You May Want To Reconsider Buying Your Snacks At The Dollar Store

Whether you are in a pinch for last-minute party decorations or in need of a cheap snack for the road, dollar stores have you covered. Plus, there are so many of them — Dollar Tree, 99 Cents Only Stores, Family Dollar, and Dollar General. While most of their products are cheap — figuratively and literally — they get the job done. However, when it comes to purchasing food, drinks, or products with expiration dates, you may want to think twice before heading to the checkout line.

Things like plastic or silicone cookware may not be the most durable, but odds are you are not shopping at the dollar store for top-of-the-line products. Items like pens, paper towels, plastic plates, and beauty tools don't go bad so whether they have been sitting on the shelf for five days or five weeks, it doesn't really matter. Food, on the other hand, now that's a different narrative.

Dollar store snacks may have more chemicals and additives than grocery stores

Have you ever wondered how dollar stores are able to sell their products for so cheap? Oftentimes, to help keep costs low, they don't sell brand-name products. Manufacturers that aren't paid the big bucks purportedly can't afford high-quality ingredients, which might mean the generic products you're buying could possibly have unhealthy or chemically enhanced ingredients, according to Cheapism.

So what foods are safe to buy? Obviously, any brand-name products like Cheez-It, Doritos, or SkinnyPop are okay, just check for an expiration date and for any openings on the bag. For refrigerated snacks, it might be best to only stick to brand-name soft drinks and under no circumstances ever buy dairy products. YouTuber Sensational Finds noted that her bag of "cheese" was not even cheese but labeled — by the brand itself — as "sandwich slices." The first ingredients listed on the Sunny Acres sandwich slices label include water, food starch, and partially hydrogenated sunflower oil, per Open Food Facts. Another YouTuber, CassieTV, tried shredded cheese from Dollar Tree, and it didn't melt after being in the oven. Sketchy!

You could be purchasing expired foods

Secondly, as customers, we don't know how often employees are checking the expiration dates on food items (via Kiplinger). Because everything or almost everything in the store is only a dollar, checking for stale food may not be a top priority. It's up to the patron to make sure the food and drinks they're placing into their shopping cart are not spoiled. Which means you may need to dig deep, all the way to the back to find a bag or box without an outdated expiration date.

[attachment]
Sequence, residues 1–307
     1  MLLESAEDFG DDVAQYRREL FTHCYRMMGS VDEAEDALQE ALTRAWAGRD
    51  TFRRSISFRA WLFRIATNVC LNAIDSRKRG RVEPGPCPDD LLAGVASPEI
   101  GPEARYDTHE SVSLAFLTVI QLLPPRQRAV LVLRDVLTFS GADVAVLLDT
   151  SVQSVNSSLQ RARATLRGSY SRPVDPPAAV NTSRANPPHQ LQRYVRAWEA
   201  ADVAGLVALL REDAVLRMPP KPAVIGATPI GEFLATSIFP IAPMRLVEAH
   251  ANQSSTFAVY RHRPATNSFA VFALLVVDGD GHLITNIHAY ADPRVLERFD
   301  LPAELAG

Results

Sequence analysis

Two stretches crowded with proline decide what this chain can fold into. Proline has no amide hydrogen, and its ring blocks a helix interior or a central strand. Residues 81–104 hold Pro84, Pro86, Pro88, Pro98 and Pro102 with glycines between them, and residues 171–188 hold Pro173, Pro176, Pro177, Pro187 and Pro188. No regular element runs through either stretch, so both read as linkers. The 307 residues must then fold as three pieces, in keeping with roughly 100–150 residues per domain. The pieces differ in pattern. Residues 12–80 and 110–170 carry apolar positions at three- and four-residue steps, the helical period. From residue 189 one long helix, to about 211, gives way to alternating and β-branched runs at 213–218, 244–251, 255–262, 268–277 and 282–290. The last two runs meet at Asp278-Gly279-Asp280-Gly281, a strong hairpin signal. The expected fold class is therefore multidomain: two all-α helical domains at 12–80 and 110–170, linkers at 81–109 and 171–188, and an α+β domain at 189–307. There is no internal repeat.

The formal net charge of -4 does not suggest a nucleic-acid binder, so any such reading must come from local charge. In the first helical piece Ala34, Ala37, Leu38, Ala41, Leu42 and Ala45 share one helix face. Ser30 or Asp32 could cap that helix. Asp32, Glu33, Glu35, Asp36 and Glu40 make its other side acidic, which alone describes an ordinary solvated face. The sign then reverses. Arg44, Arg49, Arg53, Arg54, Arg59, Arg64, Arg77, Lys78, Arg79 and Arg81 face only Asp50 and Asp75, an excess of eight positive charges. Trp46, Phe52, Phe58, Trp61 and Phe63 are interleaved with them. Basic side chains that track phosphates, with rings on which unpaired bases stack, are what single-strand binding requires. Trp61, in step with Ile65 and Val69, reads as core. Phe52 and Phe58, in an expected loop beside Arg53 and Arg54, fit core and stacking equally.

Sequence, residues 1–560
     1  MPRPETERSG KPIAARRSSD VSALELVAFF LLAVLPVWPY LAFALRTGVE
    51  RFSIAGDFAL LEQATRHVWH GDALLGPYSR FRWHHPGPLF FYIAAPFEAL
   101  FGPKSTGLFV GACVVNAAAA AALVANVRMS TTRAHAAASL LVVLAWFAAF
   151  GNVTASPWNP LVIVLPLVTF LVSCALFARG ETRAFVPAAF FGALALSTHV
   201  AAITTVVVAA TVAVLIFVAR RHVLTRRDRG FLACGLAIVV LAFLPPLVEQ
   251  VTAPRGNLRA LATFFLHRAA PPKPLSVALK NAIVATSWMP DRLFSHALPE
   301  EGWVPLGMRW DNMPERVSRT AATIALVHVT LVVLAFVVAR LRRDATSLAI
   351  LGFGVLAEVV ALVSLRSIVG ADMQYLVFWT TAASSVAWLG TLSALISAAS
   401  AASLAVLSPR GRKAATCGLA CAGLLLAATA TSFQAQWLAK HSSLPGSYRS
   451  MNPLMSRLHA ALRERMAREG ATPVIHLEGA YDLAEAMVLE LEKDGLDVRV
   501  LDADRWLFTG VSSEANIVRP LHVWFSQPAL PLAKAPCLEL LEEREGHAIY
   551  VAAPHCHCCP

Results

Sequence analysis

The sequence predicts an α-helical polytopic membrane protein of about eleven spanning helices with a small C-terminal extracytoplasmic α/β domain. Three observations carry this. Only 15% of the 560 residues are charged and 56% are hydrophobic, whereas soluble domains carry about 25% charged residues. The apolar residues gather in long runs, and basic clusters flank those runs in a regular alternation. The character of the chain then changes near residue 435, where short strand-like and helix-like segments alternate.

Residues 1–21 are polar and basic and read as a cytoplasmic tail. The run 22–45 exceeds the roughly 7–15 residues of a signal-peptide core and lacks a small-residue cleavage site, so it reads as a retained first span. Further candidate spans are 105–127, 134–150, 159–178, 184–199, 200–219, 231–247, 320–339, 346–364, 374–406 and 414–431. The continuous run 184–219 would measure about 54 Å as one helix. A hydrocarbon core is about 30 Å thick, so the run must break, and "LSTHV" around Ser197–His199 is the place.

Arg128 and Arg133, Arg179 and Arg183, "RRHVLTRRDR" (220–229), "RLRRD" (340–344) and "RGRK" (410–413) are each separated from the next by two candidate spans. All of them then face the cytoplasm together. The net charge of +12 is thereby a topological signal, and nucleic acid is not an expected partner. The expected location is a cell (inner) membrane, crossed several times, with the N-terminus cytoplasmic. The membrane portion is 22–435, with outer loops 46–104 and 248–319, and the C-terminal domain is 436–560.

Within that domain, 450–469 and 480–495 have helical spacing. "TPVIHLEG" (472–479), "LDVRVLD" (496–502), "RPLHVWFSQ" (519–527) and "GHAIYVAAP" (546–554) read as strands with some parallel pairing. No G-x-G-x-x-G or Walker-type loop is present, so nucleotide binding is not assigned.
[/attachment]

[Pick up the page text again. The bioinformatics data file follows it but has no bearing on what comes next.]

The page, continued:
Though. to be fair, the US Department of Agriculture's Food Safety and Inspection Service recognizes "best if used by" dates as suggested "best flavor or quality" dates. Simply put, you can purchase and/or consume the product after the stamped date, but it won't be at its peak freshness. The same can be said for a label that reads "use-by." The only exception is infant formula. Per the USDA, be on the lookout for an off odor, flavor, or texture. If any of these arise, the food is spoiled. It's best to air on the side of caution, and when in doubt, don't take expired foods off the shelf.

Dollar stores may not be as cost effective as bulk grocery stores

It's also worth mentioning that in the long run, shopping at bulk grocery stores like Smart & Final or Costco could be more cost-effective. For example, purchasing a variety box of three dozen chips could cost less at Costco versus having to buy them individually at a dollar store. The same thing goes for household products like paper towels, toilet paper, disposable cutlery, and the like. These items don't go bad. so if you're able to buy them in bulk at a cheaper collective price elsewhere, it makes sense to do so. Plus, you have to factor in time and gas. To give you a better picture, compared the prices of seven food and home items at Dollar Tree to those at Aldi. Spoiler alert: Aldi had the lower price after factoring price per ounce, which is important for families with more mouths to feed. Or, if you're having a party. 

It's much more appealing and convenient to do one big shopping trip than weekly trips for your everyday products (even with dish soap, detergent, etc.). Dollar stores have their perks, there's no argument there. But, these pointers are something to think about the next time you go to grab a box of frosted cookies or a frozen mac and cheese. A good rule of thumb: if something seems off or like it's been sitting there for a while, leave it be.